Both the second and the third largest government parties consider amending the constitution to be one of their primary political missions. In fact, it was one of the Democrats’ conditions for joining the coalition and supporting Prayut’s quest for premiership. Thailand’s oldest political party at first campaigned against offering leadership of the government to an unelected outsider such as General Prayut. After the general elections of 24 March 2019, however, the PPP and General Prayut succeeded in wooing the Democrat Party to join the PPP-led coalition by promising to amend the 2017 Constitution.

Leader of the Opposition Sompong Amornvivat, head of the Phuea Thai Party, now insists that General Prayut and his chief legal counsel Deputy Prime Minister Dr Wissanu Krea-ngam, be held responsible for the aborted constitutional amendment bill. “I believe there was an order [to scuttle the bill]”, said Sompong in a meeting of opposition parties on 18 March.[6]

Has General Prayut in fact reneged on his promise to change Thailand’s 2017 Constitution? No, not quite, according to Dr Wissanu, who countered that he himself also had done nothing wrong,[7] and furthermore, General Prayut had long maintained that he had no control over the Senate.[8]

BLAME THE SENATORS OR THE PPP?

Chapter 15, Section 256 (3), of the 2017 Constitution requires that a majority of the combined two chambers of parliament, the House and the Senate, as well as no fewer than one-third of senators, or 84 of the 250 senators, endorse a proposed constitutional amendment. This crucial stipulation has put the members of the Senate in a commanding position to defend the current constitution. And, in fact, only two senators voted in support of the scuttled bill on 17 March.[9]

Clear reluctance to amend the constitution on the part of the senators led the PPP to ask for more time for consultations. But without consulting its two chief allies, the PPP went ahead to propose on 24 September 2020 the formation of an ad hoc parliamentary committee to study each of seven proposed constitutional amendment bills.[10]

All opposition parties boycotted the committee, whose formation they dismissed as a delay tactic. The committee, headed by veteran Democrat MP Pirapan Saleeratvipak, spent about a month consulting senators and listening to experts, including advocates of a “people’s draft constitution” from the NGO iLaw.[11]

The bill proposing the “people’s draft constitution” was rejected from further consideration in Parliament on 18 November 2020. However, Parliament did accept the opposition’s five draft bills and the ruling coalition’s one draft bill for second readings in detail.

These six draft bills were subsequently merged into one, based essentially on the ruling coalition’s bill. Two significant changes to that bill emerged. One was provision for the formation of a 200-member constitution drafting assembly, with members chosen through direct election. The second was a new rule on constitutional amendment, requiring a vote of merely three-fifths of the members of the combined two chambers of Parliament and not the addition of at least one-third of the senators.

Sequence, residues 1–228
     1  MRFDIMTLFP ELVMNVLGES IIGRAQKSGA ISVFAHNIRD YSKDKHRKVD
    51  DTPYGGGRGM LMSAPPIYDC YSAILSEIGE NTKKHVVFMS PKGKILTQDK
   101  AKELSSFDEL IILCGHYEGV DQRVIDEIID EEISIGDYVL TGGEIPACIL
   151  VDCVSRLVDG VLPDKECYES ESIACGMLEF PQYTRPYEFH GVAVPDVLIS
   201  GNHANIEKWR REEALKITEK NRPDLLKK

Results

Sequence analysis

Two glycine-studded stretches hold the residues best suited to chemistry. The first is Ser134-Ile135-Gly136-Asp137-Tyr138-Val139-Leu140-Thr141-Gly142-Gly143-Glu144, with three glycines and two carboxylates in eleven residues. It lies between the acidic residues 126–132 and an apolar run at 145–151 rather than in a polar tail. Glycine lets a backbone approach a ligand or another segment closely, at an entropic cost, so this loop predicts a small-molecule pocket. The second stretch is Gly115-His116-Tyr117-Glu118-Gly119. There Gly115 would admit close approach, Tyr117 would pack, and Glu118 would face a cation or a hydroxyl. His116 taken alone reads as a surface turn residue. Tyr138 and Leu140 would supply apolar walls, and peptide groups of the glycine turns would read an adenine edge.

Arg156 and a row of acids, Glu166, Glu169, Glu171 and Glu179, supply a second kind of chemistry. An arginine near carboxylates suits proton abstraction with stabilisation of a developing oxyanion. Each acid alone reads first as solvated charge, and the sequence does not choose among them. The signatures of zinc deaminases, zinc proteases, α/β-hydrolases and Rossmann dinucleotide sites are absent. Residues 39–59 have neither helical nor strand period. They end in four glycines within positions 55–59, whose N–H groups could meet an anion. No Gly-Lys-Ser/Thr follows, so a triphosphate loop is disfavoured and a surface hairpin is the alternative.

Surprisingly, at first most senators appeared to go along with the emerging draft constitutional amendment bill. But out of the blue, on 9 February the PPP struck again. Party deputy leader MP Paiboon Nittitawan and Senator Somchai Sawaengkan – two fanatic defenders of the 2017Constitution – succeeded in calling for parliamentary approval to submit a request to the Constitutional Court to see whether what the parliamentarians were seeking to do was constitutional.

A SPANNER IN THE WORKS FROM THE COURT

On 11 March, just one week before the pending constitutional amendment bill was due for its final reading, the Constitutional Court literally threw a spanner into the works. Its ruling could be summarised as follows.

  • Parliamentarians do have the authority to amend the 2017 Constitution.
  • But what they were going to do, including the formation of a constitution drafting assembly, would be tantamount to abolishing the current constitution. Before they went that far, voters must be consulted in a national referendum to determine whether a majority of them would like to have a new constitution.
  • In addition, a new draft constitution prepared by the proposed constitution drafting assembly must also be subject to a national referendum.[12]

The court’s ruling raised more questions than answers. What was to be done about the pending constitutional amendment bill? Was the ongoing amendment to Section 256 not within the authority of parliamentarians? If it was, then could a national referendum be held after the final passage of the pending bill?

On 17 March, 43 MPs and senators took nearly 14 hours debating the court’s ruling. The battle lines were drawn clearly. Senators wanted to abandon the pending bill; they did not want to vote on its final reading for fear of offending the Constitutional Court. The Democrat Party — with support of the Bhumjaithai Party and another small government party, Chat Thai Phattana — proposed returning to the court for a clarification of its 11 March ruling.

The opposition parties, on the other hand, pushed for a vote on the pending bill – in order to let the whole Thai nation see who actually supported amending the 2017 Constitution, and who was “lying”.

House Speaker Chuan Leekpai, who chaired the joint parliamentary session on the evening of 17 March, was unsure about what should be done. He played safe by asking the meeting to vote on each of the three proposed courses of action: that proposed by the senators, that proposed by government parties, and that proposed by the opposition.

Before any new decision could be made, PPP deputy leader Paiboon surprised many parliamentarians with a proposed motion to vote on the pending constitutional amendment bill — much to the chagrin of the Bhumjaithai and the Democrat Parties, which were counting on buying more time with a new request for the Constitutional Court to elaborate on its ruling.

Both the Bhumjaithai and the Democrat Parties tried but failed to save the pending bill, which incorporated significant compromises that could improve the constitution. To that end, the Bhumjaithai Party was even prepared to set aside consideration of the pending bill in favour of holding a national referendum on the creation of a constitution drafting assembly first.